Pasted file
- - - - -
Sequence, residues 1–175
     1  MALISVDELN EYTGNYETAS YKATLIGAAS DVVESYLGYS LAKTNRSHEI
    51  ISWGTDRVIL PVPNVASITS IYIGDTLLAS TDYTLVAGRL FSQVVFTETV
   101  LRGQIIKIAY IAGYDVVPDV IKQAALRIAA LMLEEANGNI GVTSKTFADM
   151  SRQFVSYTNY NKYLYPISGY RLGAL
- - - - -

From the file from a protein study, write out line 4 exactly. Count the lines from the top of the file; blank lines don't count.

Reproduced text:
   101  LRGQIIKIAY IAGYDVVPDV IKQAALRIAA LMLEEANGNI GVTSKTFADM